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John Michael McDonagh, The Guard

You’ve seen it all before. Amidst a sea of police corruption, one last honest, wisecracking cop and an improbable sidekick unravel a series of criminal entanglements.They’re an unlikely pair and one of them is surely way out of his natural element. There will be chases, usually with cars, although likely on foot too, and gunplay, half quotable one-liners, and maybe a dash of suspense, although it’s highly unlikely either of our leads will meet an untimely demise. How could anyone possible make a tired scenario like this fresh?

Just ask John Michael McDonagh, brother of Martin, the lauded Irish playwright (The Lieutenant of Inishmore) and filmmaker (In Bruges). His debut feature The Guard, which stars the inimitable Brendan Gleeson as the wisecracking rogue and Don Cheadle as his FBI straightman, sent to the Irish coast to investigate a drug smuggling ring, is a throwback of sorts, the type of politically incorrect, irrepressibly vulgar and side splittingly funny comedy/thriller that many try to make and few execute with the panache on display here. One of several films to screen on opening night at this year’s Sundance Film Festival, where it was acquired by Sony Pictures Classics, the film opens this Friday.

The Guard director John Michael McDonagh

Filmmaker: I suspect a lot of films are ruined by faulty casting. Yours falls into the opposite category, that of films that are brought to an entirely new level by the strength of the casting.

McDonagh: I think that films are always won or lost in the casting, before you’ve shot a foot of film. You hear about these projects being announced and go, “God, that’s a terrible cast. I’m not going to see that movie,” but they keep doing it. These studios cast people in movies and you know that they don’t even like them. [laughs] When we put this movie together, because we got Brendan and Don attached quickly, I had no sort of pressure with all the supporting characters, I could do what I wanted. Obviously it helped that Mark Strong was getting a lot of movies at the time too, and I wasn’t getting any pressure otherwise. But you go out and try to get something else made and they give you these lists and it’s just one bad actor after another because the financiers that come up with these lists don’t see movies…

Filmmaker: They don’t even know the actor in question is bad, they just know they’re famous.

McDonagh: They don’t know they’re bad and they don’t know who the new ones are and who is going to break out. A few years ago Michael Fassbinder, he’s in X-Men now, he’d just done Hunger and I’d seen it, but he’s wasn’t on any of these lists. No one knew who he was. Of course now he’s on the lists, but they’re always two or three years behind. They’re constantly out of date, but they don’t seem to give a shit about that. It’s ridiculous.

Filmmaker: To be cast in Hunger, someone like Michael Fassbinder had to be on someone’s radar. He was doing small parts in the U.K.

McDonagh: He was doing small parts, but he wasn’t visible. The minute Hunger came out in Cannes though, he’s on everyone’s list. If you don’t go see movies you don’t know who the up and coming actors are, so I say, “What about this person or this person?” And they’d never heard of them. But they’ve heard of Jude Law! [laughs] “Did you see that last Jude Law movie,” I’d say, and they’ll turn around, “Well that was a shit movie.” But yeah, he’s on your list!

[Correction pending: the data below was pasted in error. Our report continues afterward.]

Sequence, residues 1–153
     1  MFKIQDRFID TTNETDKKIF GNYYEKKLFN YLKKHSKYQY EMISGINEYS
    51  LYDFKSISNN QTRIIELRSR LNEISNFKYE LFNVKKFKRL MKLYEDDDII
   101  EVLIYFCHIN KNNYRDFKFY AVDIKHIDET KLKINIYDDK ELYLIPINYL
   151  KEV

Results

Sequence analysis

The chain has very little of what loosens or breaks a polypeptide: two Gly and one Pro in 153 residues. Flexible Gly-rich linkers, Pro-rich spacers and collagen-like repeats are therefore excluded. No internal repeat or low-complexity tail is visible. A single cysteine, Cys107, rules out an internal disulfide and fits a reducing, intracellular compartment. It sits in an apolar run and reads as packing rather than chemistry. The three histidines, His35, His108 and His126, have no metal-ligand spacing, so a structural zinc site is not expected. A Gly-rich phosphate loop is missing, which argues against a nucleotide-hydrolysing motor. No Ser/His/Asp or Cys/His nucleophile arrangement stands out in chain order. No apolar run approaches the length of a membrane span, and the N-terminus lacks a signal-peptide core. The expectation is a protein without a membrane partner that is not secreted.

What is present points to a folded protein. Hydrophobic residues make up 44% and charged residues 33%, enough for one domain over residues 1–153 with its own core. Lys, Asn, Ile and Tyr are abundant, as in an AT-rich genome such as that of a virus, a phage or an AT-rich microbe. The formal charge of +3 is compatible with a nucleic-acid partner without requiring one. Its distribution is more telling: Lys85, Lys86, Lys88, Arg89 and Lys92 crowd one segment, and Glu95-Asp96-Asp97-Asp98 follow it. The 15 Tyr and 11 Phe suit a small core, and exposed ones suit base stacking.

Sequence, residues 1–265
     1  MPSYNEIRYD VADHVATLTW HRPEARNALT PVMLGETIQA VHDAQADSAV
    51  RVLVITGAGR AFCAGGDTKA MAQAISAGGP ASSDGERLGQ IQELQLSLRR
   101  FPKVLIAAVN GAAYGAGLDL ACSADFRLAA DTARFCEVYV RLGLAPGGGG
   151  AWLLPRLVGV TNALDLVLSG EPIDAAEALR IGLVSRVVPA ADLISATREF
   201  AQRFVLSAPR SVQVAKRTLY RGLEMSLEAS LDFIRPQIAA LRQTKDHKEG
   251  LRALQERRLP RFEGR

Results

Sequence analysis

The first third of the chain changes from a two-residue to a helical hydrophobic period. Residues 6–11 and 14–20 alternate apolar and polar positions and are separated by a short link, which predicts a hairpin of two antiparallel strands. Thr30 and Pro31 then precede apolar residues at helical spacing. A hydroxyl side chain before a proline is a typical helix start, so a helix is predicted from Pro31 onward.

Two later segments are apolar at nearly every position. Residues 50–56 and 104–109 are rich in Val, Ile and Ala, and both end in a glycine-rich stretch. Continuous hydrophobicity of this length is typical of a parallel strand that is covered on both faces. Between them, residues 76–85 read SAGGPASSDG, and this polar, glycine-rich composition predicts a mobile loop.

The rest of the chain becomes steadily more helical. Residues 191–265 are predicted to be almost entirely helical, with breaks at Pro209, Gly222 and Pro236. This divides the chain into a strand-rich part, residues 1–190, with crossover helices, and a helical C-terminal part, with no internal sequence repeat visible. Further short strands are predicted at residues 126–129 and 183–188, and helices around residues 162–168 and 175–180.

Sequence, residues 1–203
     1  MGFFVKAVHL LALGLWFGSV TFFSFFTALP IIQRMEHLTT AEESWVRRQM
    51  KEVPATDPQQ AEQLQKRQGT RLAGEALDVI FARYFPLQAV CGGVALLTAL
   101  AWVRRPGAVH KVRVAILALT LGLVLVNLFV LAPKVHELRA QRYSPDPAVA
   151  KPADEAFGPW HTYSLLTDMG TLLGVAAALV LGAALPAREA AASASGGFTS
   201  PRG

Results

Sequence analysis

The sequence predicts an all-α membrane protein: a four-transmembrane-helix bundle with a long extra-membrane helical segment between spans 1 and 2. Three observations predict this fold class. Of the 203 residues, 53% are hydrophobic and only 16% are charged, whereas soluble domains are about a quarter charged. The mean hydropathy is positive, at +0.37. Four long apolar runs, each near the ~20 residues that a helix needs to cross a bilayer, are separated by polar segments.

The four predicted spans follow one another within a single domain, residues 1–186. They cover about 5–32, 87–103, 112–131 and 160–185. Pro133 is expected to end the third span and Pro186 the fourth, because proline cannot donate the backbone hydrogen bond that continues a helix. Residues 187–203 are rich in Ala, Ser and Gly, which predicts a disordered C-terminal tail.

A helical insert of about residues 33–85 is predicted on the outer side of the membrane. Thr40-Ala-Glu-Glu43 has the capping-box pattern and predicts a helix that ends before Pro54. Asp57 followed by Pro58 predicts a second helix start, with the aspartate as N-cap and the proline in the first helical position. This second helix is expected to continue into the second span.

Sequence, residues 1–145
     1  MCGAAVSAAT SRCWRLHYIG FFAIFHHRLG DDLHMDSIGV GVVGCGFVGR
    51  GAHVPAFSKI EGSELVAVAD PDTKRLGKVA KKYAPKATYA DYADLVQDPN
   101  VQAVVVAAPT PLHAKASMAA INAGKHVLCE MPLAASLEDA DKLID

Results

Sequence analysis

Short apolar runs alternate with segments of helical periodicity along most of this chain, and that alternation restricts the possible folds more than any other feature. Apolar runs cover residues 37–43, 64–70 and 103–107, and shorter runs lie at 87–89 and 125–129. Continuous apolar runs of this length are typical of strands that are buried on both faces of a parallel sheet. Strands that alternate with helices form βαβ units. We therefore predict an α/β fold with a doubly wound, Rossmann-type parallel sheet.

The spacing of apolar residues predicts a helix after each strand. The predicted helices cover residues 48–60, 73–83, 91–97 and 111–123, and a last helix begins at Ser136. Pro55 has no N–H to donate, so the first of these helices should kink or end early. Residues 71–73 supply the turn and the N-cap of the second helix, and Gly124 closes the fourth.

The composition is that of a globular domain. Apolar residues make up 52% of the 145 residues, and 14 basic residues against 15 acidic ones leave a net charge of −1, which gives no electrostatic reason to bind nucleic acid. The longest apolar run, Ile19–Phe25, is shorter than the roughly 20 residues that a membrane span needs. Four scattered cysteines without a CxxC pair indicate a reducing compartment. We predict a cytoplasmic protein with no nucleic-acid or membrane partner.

Filmmaker:  [financier voice] Do you think if we cast Jude Law we can have dinner with him? [laughs] So did you hook up with Brendan through your brother?

McDonagh: Well I’d met Brendan. We had a boozy night out at Sundance when In Bruges screened there, but I didn’t really know him that well. Martin [McDonagh] got the script to him. See, that’s how Martin gets an executive producer credit. [laughs]

Filmmaker: He sent one e-mail. [laughs]

McDonagh: One e-mail! I think he actually got paid $10,000 as well.

Filmmaker: Most lucrative e-mail ever. Good gig while you can get it.

McDonagh: It might have been 10,000 sterling, which would be a bit more. He basically handed the script off and got paid 10K for it. But Martin’s connection to the film in some ways is, “If you like In Bruges, you’ll like The Guard.” He mainly helped in that way. So Martin sent him the script, and I think Brendan read it within 24 or 48 hours and said he wanted to do it. Then we sent it out to Don. Don was my first choice as well. You know all these directors say, “So and so was my first choice” — yeah, right. But Don was, you know. I loved him in The Devil in A Blue Dress.

Filmmaker: He’s so great in that.

McDonagh: Right, he’s terrific.

Filmmaker: “I, I didn’t shoot him like you said, Easy, so I just, I, I choked him.” [laughs]

McDonagh: You know, what I like about that is that you have friends like that who eventually you have to stop seeing because as soon as you go out they get you in a fight. But they’re loyal as all hell.

Filmmaker: Exactly. You want them in the alley with you when the fight does start, but you don’t want to go out with them because they’re going to start the fight.

McDonagh: Yeah, but then after a few years of that you’re like, “I don’t want to go out now and get into a row with someone for no reason.” [laughs] The scene for me in Devil is when he’s drunk and he gets woken up-

Filmmaker: He’s still got the gun in his hand.

McDonagh: Yeah, yeah and you’re like, “is he gonna kill him or what?” [laughs] so I loved him in that and I loved him in Boogie Nights. Whenever I saw him interviewed, he had a real sort of warmth and a sense of humor, and I don’t think you can fake that.